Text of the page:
Chest Pain Health (cont.)

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Chest Pain Causes

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Heart Attack Causes

A heart attack is caused by coronary heart disease, or coronary artery disease. Heart disease may be caused by cholesterol buildup in the coronary arteries (atherosclerosis), blood clots, or spasm of the vessels that supply blood to the heart.

Risk factors for a heart attack are:

  • high blood pressure
  • diabetes
  • smoking
  • high cholesterol
  • family history of heart attacks at ages younger than 60 years, one or more previous heart attacks, male gender
  • obesity
  • Postmenopausal women are at higher risk than premenopausal women. This is thought to be due to loss of the protective effects of the hormone estrogen at menopause. It was previously treated by hormone supplements (hormone replacement therapy, or HRT). However, research findings have changed our thinking on HRT; long-term HRT is no longer recommended for most women.
  • Use of cocaine and similar stimulants.

Angina Causes

  • Angina may be caused by spasm, narrowing, or partial blockage of an artery that supplies blood to the heart.
  • The most common cause is coronary heart disease, in which a blood clot or buildup of fatty material inside the blood vessel (atherosclerosis) reduces blood flow but does not completely block the blood vessel.
  • Angina can be triggered by exercise or physical exertion, by emotional stress, or by certain heart rhythm disorders (arrhythmias) that cause the heart to beat very fast.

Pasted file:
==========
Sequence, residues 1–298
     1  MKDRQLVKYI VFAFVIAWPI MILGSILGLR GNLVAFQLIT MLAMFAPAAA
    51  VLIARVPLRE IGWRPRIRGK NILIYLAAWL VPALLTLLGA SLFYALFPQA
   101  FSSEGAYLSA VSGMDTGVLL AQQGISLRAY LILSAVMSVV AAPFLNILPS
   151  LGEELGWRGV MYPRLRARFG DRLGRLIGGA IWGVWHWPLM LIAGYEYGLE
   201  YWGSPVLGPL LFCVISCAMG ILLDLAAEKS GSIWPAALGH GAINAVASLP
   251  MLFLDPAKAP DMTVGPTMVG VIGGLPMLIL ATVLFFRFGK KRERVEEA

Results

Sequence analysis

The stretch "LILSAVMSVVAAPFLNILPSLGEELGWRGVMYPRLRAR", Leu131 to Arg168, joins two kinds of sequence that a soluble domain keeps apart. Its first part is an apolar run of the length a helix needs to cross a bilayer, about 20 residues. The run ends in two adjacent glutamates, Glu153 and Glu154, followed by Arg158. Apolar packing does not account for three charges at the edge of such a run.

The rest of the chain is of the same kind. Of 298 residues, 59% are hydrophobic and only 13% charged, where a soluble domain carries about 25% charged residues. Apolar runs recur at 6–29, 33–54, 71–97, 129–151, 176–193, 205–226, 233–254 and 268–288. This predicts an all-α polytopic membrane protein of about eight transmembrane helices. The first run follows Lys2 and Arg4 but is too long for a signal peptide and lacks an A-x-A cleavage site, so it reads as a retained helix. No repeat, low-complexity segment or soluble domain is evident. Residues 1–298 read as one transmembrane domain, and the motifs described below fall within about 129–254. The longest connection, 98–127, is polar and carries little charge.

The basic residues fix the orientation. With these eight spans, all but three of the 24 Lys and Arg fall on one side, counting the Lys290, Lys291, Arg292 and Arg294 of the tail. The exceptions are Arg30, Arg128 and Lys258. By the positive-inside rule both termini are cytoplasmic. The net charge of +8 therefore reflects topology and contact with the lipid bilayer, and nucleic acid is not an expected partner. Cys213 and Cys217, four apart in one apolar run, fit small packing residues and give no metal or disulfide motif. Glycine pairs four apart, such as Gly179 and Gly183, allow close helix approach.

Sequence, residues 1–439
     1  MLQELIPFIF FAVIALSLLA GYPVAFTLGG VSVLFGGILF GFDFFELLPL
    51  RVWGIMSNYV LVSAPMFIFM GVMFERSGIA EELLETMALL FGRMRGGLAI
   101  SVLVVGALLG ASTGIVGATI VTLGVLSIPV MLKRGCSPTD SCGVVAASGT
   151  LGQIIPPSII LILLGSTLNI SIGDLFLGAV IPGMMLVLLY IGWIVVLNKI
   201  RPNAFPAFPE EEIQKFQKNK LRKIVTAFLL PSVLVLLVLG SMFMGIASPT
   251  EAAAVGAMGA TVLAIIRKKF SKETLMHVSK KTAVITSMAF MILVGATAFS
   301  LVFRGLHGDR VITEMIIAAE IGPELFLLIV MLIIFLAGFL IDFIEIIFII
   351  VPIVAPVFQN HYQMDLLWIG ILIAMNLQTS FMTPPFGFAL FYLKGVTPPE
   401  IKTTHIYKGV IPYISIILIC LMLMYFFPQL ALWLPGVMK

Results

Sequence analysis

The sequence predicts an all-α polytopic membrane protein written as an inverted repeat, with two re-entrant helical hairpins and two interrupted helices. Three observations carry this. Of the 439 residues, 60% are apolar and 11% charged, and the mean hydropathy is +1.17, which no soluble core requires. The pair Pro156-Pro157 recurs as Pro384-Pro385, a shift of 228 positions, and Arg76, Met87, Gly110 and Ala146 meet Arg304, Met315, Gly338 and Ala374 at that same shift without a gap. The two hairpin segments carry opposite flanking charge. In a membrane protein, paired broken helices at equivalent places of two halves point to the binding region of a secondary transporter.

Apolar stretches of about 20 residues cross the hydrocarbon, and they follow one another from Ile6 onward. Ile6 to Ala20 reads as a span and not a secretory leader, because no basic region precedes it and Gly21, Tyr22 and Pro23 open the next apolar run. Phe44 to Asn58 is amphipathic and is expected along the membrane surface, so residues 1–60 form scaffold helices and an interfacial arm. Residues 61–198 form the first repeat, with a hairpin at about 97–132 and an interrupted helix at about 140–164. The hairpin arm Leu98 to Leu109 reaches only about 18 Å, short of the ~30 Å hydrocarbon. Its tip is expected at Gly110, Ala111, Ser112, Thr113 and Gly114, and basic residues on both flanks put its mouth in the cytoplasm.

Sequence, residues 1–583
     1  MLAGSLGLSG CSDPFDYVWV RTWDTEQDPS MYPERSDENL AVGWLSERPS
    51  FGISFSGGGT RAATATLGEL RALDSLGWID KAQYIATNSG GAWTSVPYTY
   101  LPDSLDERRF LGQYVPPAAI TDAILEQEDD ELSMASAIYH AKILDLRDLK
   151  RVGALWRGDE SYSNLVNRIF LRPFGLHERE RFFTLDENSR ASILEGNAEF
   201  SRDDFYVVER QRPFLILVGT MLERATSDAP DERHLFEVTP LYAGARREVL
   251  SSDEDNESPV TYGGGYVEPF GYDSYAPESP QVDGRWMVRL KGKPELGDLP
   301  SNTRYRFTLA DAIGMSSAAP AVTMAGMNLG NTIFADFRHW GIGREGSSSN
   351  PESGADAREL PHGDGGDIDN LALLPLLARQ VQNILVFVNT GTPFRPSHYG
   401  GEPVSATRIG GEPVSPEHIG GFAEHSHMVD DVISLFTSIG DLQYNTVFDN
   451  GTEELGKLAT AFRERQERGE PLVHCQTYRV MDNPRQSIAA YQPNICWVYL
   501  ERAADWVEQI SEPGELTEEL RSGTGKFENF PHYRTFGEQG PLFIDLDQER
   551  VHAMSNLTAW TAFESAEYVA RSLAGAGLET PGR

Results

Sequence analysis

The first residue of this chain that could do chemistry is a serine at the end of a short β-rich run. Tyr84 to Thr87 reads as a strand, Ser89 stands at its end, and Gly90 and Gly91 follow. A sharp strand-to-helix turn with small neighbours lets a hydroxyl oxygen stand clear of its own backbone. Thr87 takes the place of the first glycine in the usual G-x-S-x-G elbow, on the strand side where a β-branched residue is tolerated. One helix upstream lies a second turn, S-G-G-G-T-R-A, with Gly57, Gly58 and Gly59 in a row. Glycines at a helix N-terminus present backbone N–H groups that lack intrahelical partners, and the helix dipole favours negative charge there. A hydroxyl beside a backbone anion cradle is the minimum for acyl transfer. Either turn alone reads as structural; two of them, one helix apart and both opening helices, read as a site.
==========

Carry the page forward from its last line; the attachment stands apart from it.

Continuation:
Aortic Dissection Causes

  • Aortic dissection may be caused by conditions that damage the innermost lining of the aorta.
    • These include uncontrolled high blood pressure, connective-tissue diseases, cocaine use, advanced age, pregnancy, congenital heart disease, and cardiac catheterization (a medical procedure).
  • Men are at higher risk than women.
  • A similar condition is aortic aneurysm. This is an enlargement of the aorta that can rupture, causing pain and bleeding. Aneurysms can occur in the aorta in the chest or the abdomen.

Pulmonary Embolism Causes

Pulmonary embolism risk factors include:

  • sedentary lifestyle,
  • obesity,
  • prolonged immobility,
  • fracture of a long bone of the legs,
  • pregnancy,
  • cancer,
  • history or family history of blood clots,
  • irregular heartbeat (arrhythmias),
  • heart attack, or
  • congestive heart failure.

Women who use birth control pills and smoke cigarettes are at higher risk than women who have only one or neither of these risk factors (especially over the age of 35).

Spontaneous Pneumothorax Causes

Spontaneous pneumothorax (collapsed lung) occurs when the pressure balance between the sac that contains the lung and the outside atmosphere is disrupted.

  • Injury to the chest that pierces through to the lung sac is the most common cause of this condition.
  • This can be caused by trauma, as in a car wreck, bad fall, gunshot wound or stabbing, or in surgery.
  • Some very thin and tall people may suffer a spontaneous pneumothorax due to stretched lung tissues and abnormal air sacs in the upper portions of their lungs. It is possible for these abnormal air sacs to rupture with even a sneeze or excessive coughing.
  • Other risk factors for pneumothorax include AIDS-related pneumonia, emphysema, severe asthma, cystic fibrosis, cancer, and marijuana and crack cocaine use

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